Lakshmanan believes the pandemic offers the financial services industry some unique opportunities. “I believe every cloud has a silver lining, and this will lead to a more sustainable life choice,” he said. “Financial institutions can be the drivers of this change.” During this unprecedented time, there is an increased expectation for financial institutions to play a positive societal role that goes much beyond shareholder return, according to Lakshmanan. “As near-term quarterly earnings are released, financial institutions will be scrutinized by consumers and regulators for their response to the crisis.” The current crisis offers the financial services industry the opportunity to invest in customer experience transformation and expanding the functionality and efficiency of digital platforms. “Financial institutions in all form will be central to our recovery,” said Lakshmanan. He shared his thoughts on recent innovations that have come to market, as well as his insights on how the industry is poised to change. Financial organizations – some of which are rooted in decades or even centuries of tradition – will need to reexamine their core values to thrive.


Relationship Design – Orchestrating a Relationship with Your Customers

Keynote: Justin Maguire III, Salesforce

The role of design matters. It has become a core strategic asset for companies. It began with product design, evolving into service design and is now moving into a new chapter of relationship design. Although design creates business value, it isn’t well understood; and, it is underutilized. In his presentation, Justin spoke about the importance of personalization and the opportunity for companies to move beyond service design to adopt an even more relationship mindset. Relationship design is the creation of experiences focused on connections that drive deep engagement creating social and economic value. Justin talked about the four ideas reshaping design – personal, ethical, equitable and conversational – and provided insights to maximize design, as well as tips to avoid pitfalls.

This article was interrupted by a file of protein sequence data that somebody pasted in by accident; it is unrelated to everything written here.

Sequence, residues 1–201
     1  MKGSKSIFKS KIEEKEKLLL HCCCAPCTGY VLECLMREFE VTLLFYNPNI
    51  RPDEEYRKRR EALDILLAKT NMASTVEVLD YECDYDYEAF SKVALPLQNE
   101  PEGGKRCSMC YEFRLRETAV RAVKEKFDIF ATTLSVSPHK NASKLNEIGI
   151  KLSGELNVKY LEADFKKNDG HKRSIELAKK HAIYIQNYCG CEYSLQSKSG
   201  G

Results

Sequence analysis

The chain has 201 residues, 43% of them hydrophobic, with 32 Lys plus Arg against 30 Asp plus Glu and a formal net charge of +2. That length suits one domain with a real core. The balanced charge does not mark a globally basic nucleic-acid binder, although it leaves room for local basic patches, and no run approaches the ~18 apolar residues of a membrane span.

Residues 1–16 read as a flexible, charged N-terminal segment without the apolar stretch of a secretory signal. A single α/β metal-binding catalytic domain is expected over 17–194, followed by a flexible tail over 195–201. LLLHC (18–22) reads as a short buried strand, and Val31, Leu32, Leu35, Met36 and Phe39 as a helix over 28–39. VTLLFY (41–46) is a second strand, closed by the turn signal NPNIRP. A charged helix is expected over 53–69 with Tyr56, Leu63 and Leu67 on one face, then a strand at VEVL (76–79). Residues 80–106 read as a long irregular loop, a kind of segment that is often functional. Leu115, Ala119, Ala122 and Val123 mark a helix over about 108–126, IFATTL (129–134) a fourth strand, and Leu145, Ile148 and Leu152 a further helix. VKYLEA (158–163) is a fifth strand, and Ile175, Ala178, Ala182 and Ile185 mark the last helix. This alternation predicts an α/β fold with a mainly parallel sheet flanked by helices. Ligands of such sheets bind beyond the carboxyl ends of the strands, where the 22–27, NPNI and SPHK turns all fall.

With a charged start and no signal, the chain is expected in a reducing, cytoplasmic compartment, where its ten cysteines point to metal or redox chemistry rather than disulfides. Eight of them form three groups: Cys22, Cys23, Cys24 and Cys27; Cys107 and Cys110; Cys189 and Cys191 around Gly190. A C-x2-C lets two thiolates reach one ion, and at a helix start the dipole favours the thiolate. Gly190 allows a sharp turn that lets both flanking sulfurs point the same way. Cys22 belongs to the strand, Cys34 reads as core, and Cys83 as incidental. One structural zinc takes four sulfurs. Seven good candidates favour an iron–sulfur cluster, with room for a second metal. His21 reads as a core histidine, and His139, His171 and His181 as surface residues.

Using Measurement to Guide Behavior Change Design

Keynote: Lena Belogolova, Intellichanges, Inc.

As the final presenter, Lena introduced FXD participants to using measurement to guide behavior change design. She explained that by measuring behavior, we can better measure success to drive the desired behaviors. She helped the group develop a foundational knowledge by conducting a brief exercise on the two types of thinking, as well as sharing basic definitions, complete with examples, and the usual barriers to incorporating behavioral change design. She walked participants through how to identify potential specific customer behavioral problems, how to confirm value when determining whether to incorporate behavioral science measurement, and how to define customer behavior change metrics. She wrapped up the session providing real-life behavioral science measurement examples, both good and bad, to provide the group with a solid understanding of how best to align business objectives with behavioral objectives.